“I first heard the great organ high in the west gallery of Notre Dame in 1963,” writes Craig R. Whitney in Tuesday’s (4/16) Washington Post. “The instrument, with 7,800 pipes, had survived two world wars, including a couple of bombs that hit the cathedral during the first. But it is not yet clear whether it survived Monday’s conflagration, or was catastrophically damaged or destroyed. Played on five keyboards and pedals, it is a symphonic organ, in tone and volume as majestic and powerful as the beloved building that has housed it since the great French organ builder Aristide Cavaillé-Coll completed work on it in 1868…. Many great musicians have presided over the Notre Dame organ over the years. Louis Vierne, who became organist there in 1900, left behind six great symphonies and other works…. Notre Dame had organs before Cavaillé-Coll…. Until the early 20th century, the organ was almost completely mechanical in construction…. Over the years, various changes were made. Electric action was installed in the 1960s…. In 1992, with great fanfare, computer technology was installed, at a cost of $2.2 million.”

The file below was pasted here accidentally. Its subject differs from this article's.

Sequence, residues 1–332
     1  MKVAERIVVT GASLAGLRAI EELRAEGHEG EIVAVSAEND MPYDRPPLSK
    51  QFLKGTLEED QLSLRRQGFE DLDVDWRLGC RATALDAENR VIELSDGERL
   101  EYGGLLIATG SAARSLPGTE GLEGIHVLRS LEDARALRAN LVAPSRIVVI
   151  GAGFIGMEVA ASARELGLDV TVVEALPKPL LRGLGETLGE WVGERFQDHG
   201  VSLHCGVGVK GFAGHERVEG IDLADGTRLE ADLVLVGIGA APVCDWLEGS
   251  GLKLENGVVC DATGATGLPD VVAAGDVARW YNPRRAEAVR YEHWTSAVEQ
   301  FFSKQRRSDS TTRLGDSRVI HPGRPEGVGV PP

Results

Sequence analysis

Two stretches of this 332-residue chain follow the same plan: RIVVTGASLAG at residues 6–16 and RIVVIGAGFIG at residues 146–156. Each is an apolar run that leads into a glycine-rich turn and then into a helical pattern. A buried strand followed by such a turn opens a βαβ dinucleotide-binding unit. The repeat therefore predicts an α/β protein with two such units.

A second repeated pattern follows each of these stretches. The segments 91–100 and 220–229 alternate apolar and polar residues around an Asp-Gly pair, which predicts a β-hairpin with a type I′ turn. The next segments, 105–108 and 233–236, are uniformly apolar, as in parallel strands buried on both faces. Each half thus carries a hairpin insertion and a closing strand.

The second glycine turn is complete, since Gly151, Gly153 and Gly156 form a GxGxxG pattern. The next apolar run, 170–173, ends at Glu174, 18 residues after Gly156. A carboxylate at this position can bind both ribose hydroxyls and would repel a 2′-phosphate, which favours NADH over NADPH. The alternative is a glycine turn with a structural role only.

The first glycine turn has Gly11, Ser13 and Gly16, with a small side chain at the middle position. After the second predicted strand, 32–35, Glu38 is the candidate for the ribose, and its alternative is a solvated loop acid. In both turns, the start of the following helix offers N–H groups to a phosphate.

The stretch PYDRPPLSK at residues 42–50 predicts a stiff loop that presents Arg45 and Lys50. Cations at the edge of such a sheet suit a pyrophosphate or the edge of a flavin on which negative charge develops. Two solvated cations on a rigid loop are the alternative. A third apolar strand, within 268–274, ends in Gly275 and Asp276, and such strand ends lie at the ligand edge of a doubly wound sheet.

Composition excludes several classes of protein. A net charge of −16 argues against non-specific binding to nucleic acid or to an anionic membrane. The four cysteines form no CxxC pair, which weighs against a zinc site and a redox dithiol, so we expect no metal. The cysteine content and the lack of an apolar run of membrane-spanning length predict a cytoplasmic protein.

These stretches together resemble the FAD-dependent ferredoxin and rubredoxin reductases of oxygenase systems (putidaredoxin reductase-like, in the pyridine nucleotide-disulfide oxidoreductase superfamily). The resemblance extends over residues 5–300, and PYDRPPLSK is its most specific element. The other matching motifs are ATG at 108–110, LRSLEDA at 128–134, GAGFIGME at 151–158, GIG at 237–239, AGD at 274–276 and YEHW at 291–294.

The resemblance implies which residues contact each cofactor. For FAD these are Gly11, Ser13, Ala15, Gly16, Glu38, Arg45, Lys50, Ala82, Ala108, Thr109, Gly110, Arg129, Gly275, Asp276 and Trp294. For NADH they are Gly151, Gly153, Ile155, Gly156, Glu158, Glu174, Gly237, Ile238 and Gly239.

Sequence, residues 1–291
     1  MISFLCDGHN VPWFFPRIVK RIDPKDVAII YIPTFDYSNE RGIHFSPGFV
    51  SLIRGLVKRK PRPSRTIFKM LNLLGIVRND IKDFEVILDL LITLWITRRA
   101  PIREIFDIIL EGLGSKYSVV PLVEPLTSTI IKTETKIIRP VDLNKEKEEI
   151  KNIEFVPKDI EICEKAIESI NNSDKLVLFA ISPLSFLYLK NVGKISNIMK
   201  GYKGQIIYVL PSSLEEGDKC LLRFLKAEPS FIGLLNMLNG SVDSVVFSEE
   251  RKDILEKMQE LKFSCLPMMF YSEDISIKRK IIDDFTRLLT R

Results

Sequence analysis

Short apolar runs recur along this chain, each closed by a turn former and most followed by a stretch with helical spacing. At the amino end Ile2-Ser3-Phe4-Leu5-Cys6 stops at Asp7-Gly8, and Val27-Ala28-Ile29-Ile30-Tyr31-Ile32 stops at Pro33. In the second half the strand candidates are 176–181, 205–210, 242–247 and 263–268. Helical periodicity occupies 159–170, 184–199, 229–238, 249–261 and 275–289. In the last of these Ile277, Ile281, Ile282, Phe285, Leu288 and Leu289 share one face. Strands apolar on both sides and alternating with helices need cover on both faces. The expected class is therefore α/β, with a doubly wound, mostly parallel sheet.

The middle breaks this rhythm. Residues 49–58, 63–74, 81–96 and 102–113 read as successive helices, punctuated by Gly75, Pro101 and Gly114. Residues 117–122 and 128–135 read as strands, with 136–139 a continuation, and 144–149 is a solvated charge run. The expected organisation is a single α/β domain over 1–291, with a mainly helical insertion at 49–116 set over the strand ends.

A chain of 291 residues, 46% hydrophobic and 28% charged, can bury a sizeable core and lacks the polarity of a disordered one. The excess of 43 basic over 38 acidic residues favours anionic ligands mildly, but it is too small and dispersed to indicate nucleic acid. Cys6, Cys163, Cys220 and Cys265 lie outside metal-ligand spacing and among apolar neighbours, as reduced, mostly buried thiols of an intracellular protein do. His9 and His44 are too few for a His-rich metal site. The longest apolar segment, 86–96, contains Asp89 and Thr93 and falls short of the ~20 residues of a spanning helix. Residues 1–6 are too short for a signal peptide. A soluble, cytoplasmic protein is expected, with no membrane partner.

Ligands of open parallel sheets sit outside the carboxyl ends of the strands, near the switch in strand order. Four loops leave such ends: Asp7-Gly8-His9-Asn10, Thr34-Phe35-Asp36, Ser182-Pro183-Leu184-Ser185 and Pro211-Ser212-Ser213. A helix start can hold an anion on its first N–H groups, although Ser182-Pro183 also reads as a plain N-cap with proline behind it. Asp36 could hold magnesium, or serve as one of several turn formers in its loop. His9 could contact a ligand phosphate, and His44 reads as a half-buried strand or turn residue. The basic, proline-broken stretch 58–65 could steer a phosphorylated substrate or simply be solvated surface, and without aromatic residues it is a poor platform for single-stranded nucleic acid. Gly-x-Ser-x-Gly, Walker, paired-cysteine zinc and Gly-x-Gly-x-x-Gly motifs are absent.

Posted April 16, 2019

In photo: The Cavaillé-Coll organ in Notre-Dame de Paris, before the devastating fire on April 15